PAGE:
A DRUG user who was in the grip of addiction changed his life when he had an epiphany watching the Elton John biopic Rocketman.

Elliott Sinclair, 22, had suffered several breakdowns during his nine-year battle with drink and drugs.

He admits his life was a mess and revolved around drink and cannabis.

But when he saw the 2019 film in which actor Taron Egerton lays bare the struggles rock superstar had in the 1970s and 1980s with drugs, he saw parallels with his own life.

Elliott said: “My family said they would no longer support me and I am so glad that they took that decision.”

He was on a bridge planning to end it all when a former colleague talked him down and the police took him back to his grandmother’s house.

Elliott, a musician and singer, said: “The following day, June 1, we watched Rocketman and in the movie I saw a mirror image of myself as Elton battled his addictions.

“The next day I moved back down to my mum’s in Waterfoot to live in a caravan next to her home and I went to my first recovery meeting in Accrington that night.

“I go to recovery meetings four-five times a week now and it was there I met Paul Becouarn, project manager for Rossendale Works.”

Elliott, of Waterfoot, said his problems were rooted in self-pity, lack of motivation, not being honest with himself and depression.

Now, if he feels he is disappearing into that negative spiral, he has the ability to stop it and turn it on its head.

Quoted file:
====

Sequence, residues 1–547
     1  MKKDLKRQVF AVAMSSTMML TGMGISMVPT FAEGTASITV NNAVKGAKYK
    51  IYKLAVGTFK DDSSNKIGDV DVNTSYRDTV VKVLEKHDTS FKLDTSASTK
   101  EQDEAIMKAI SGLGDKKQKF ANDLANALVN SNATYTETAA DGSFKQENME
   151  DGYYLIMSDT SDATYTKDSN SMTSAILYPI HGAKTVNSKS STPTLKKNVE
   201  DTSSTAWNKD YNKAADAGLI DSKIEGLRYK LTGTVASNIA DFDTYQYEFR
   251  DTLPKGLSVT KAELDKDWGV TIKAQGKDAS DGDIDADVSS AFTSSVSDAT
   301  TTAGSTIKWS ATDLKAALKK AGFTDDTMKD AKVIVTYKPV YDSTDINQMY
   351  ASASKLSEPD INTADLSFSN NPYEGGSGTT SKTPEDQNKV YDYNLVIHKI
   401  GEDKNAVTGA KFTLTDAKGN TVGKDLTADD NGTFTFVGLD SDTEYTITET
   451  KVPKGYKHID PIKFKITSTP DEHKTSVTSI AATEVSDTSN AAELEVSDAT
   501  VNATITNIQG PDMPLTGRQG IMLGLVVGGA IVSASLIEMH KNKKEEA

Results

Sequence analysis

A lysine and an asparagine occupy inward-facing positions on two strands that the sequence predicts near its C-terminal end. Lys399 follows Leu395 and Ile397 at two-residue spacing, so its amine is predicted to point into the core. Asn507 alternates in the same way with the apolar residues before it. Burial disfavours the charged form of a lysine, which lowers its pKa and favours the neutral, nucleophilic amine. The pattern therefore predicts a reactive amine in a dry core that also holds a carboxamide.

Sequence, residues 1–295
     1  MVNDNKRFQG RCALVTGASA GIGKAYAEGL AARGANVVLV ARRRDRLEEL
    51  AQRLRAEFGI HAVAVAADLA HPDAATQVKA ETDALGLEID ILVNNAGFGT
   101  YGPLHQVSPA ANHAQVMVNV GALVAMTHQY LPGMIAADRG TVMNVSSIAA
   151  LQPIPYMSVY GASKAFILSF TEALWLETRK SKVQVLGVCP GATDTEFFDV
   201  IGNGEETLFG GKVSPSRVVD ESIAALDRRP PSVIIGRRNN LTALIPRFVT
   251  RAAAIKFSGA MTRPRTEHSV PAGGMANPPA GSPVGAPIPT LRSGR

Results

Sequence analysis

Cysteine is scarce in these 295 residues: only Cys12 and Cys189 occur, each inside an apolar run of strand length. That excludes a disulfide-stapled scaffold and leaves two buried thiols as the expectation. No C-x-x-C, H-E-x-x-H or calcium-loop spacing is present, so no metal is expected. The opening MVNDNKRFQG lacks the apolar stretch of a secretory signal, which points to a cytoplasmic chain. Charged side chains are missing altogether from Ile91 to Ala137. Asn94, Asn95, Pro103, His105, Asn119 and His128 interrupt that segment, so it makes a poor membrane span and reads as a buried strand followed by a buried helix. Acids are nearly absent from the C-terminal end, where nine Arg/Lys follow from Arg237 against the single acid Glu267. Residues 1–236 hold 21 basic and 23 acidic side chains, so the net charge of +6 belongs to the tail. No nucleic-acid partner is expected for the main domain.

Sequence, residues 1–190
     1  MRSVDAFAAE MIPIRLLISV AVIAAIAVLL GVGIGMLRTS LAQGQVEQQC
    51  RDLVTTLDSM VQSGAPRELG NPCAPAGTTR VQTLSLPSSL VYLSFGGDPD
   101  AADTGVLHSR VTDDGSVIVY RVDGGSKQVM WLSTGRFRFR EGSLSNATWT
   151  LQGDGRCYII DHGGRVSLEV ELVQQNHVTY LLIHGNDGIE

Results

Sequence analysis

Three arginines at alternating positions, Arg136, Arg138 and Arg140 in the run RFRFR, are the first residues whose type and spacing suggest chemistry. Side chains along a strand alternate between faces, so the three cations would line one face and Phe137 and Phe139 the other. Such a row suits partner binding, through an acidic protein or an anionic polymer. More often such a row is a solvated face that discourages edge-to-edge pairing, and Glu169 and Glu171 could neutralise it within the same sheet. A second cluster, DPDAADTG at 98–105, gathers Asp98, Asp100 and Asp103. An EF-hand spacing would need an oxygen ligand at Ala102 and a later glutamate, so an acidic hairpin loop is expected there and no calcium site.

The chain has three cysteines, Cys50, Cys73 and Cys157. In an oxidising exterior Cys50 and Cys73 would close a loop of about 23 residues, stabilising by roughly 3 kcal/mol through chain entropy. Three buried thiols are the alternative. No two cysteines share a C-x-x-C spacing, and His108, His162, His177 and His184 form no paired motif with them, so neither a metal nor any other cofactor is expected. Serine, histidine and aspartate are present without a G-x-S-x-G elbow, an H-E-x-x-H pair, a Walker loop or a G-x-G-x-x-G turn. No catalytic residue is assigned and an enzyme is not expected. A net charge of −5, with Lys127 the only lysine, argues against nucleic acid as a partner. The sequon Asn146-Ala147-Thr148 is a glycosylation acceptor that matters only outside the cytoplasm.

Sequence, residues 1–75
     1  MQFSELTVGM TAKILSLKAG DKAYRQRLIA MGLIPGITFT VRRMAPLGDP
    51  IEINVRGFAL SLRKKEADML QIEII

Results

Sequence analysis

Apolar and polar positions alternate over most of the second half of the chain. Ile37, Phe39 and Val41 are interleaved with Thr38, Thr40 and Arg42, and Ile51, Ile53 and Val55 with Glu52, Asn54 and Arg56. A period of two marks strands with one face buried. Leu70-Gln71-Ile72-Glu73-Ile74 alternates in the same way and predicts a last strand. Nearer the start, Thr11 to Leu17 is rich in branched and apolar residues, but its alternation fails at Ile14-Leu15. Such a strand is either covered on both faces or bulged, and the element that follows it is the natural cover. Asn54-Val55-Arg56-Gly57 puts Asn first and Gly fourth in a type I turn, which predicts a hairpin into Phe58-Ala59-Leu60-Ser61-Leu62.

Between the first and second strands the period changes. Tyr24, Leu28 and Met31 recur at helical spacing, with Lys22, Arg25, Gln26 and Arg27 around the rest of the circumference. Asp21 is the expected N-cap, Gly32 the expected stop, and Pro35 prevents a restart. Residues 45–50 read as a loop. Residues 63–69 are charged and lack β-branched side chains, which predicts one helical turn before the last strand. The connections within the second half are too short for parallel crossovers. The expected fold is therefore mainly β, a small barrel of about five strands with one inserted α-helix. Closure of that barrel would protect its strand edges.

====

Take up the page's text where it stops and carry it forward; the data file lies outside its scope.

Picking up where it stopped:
He said: “I will go and do something good for someone else. One of the principles of recovery is to be honest, open-minded and willing and if I am going to be true to that I have to see what I can do to change a negative thought. I have had bad things happen since, but dealt with them positively.”

Paul got Elliott involved with Rossendale Works and the Active Lancashire Challenge through Sport Initiatives across Rossendale.

He now teaches guitar at The Boo in Waterfoot on a Friday, goes to yoga at Shenkido in Bacup and is an activity co-ordinator with Rossendale Futures projects at Rawtenstall Cricket Club and Ski Rossendale.

He said: “I had tried to stay sober before, but I didn’t have the support around me. It led to extreme depression, which made me go back to drinking.

“This time I started on recovery and stopped drinking and smoking cannabis at the same time and attended recovery meetings and I am grateful for everything Paul and Rossendale Works has done to help.

“I started being open-minded and accepted criticism and stopped blaming everyone else.

“Watching that film really did change my life.”

Paul said: “His progress has been fantastic and in such a short space of time his change has been phenomenal.”

Rossendale Works and Rossendale Futures are Rossendale Council schemes funded by a grant from the Department of Work and Pensions.

The project was initially set up for a 12-month trial period in partnership with Active Lancashire and was so successful it expanded in April.

To find out more email pbecouarn@activelancashire.org.uk